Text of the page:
I had managed to get the internet at my student flat and despite it being a dial-up connection, I spent a ton of time online, mostly keeping up with WWF and not really paying much attention to WCW – which by that point had become a TNA-level laughing stock and was rapidly circling the drain (although I didn’t really know that at the time). I was more interested in The Rock vs HHH and Stone Cold vs The Undertaker.
I was still aware of WCW, but didn’t really care enough about it to seek out any of their programming. I still bought the occasional video tape, but found myself put off by the likes of Hogan, Nash and other immobile and boring professional wrestlers. I didn’t give much thought to Eddie Guerrero or anyone in WCW, as WWE was so damn hot at that point in time.
I distinctly remember walking past an electronic shop in the local shopping centre where I lived at the time. A big bank of TVs were all showing WWE from that week and standing in the ring with HHH and Mick Foley was Eddie Guerrero and the rest of the Radicals. I remember stopping dead in my tracks and staring in through the window of the shop, watching the show with no audio, and feeling like a lightning bolt had just gone down my back.
I hurried back home to get online and find out what was going on. What the hell were these guys doing in WWE? How awesome was it going to be to see them face off with WWE’s best talent? The possibilities seemed endless and it was one of the single most newsworthy moments in the history of WWE TV.
It really felt like the Monday Night Wars were over as soon as The Radicals jumped ship. The writing had been on the wall for a while, but the loss of those great workers, who held WCW’s shows together with great matches, felt like a fatal blow to WCW. They had lost the guys who put the work in, the guys who were the glue that held the TV show together, and the company in general, from falling apart. Plus it continued to reverse a trend from the start of the Monday Night Wars, as now guys were jumping from WCW to WWF, like Chris Jericho did before them.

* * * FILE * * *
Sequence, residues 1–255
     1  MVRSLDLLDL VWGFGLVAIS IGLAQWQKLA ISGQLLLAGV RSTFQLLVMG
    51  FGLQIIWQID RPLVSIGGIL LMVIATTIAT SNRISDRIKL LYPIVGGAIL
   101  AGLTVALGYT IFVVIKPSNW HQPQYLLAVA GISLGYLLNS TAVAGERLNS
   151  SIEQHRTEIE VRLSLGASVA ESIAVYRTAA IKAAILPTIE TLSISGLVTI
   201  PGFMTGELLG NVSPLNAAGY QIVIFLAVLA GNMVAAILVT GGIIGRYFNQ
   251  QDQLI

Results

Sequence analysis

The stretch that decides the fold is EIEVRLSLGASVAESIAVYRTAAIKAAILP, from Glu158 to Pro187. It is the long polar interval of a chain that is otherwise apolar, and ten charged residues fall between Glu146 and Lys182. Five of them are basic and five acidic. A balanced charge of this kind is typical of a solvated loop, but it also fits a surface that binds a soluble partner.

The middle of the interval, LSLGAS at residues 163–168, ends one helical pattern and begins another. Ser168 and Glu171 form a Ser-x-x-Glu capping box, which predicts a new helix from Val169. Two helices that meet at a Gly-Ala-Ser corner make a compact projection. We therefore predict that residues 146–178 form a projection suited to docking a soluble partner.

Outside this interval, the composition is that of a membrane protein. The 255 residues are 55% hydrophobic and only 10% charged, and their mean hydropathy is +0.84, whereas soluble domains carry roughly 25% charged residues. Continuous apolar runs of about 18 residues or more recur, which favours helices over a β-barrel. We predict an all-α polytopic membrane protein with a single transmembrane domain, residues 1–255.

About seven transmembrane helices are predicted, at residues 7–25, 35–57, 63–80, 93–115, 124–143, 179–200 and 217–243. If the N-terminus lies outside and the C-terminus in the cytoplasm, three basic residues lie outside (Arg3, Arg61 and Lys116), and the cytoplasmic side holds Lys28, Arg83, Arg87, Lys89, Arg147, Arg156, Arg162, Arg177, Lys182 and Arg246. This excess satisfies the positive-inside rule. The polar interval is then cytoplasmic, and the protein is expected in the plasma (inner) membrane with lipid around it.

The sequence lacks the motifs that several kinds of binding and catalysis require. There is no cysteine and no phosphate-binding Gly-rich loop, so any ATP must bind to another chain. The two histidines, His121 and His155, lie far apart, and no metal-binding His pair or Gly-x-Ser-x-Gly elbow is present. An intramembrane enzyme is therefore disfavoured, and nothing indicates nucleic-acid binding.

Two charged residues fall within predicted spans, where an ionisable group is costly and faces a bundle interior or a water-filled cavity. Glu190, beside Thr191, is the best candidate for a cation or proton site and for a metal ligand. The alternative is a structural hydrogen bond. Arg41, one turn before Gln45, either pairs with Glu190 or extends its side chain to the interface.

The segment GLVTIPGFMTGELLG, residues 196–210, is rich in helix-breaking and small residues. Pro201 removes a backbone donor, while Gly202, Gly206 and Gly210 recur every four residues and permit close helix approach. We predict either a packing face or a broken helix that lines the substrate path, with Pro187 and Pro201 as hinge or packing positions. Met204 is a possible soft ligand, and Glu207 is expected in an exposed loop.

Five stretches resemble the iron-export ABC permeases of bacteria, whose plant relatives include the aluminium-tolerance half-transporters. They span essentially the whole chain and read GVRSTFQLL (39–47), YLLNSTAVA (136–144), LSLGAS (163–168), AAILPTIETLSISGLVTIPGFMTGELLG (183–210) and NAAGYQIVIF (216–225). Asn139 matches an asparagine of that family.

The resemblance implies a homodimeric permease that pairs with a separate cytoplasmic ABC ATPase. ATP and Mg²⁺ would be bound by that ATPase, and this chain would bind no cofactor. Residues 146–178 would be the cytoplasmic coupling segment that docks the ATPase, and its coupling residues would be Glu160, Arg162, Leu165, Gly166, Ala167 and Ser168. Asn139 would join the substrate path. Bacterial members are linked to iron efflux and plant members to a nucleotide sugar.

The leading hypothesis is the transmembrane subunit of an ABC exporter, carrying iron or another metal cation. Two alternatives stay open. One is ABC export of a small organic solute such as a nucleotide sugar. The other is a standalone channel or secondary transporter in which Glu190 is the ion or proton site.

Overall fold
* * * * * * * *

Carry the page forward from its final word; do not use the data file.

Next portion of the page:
The excitement and possibilities of the Radicals’ run in WWE didn’t exactly pan out the way many fans expected or even hoped. While they had great matches and there was always an air of excitement surrounding them, the booking decisions by WWE quickly relegated them to almost the same spots they had in WCW – good workhorses, but not top guys.
Eddie’s career in WWE didn’t get off to the greatest of starts as I remember him suffering a bad elbow injury early in his run, while executing a frog splash from the top rope. I always remember how in those early weeks of the Radicals being on WWE TV, it was Eddie Guerrero who always caught the eye. Even when he wasn’t wrestling, he had such great charisma that you couldn’t help but be drawn to him every time the group appeared on TV.
I enjoyed his pairing with Chyna to a certain degree, but it always felt like filler comedy, as opposed to something important and meaningful. Some of my favourite memories of Eddie working in WWE came a few years later, especially during his work as part of the “SmackDown Six” when Paul Heyman had some of the greatest workers in the world at his disposal (Eddie, Chavo, Edge, Rey, Angle and Benoit). They put on a series of tag-team matches that would not be equalled in WWE until The Shield came along and brought tag-team wrestling back to the fore on a regular basis this year.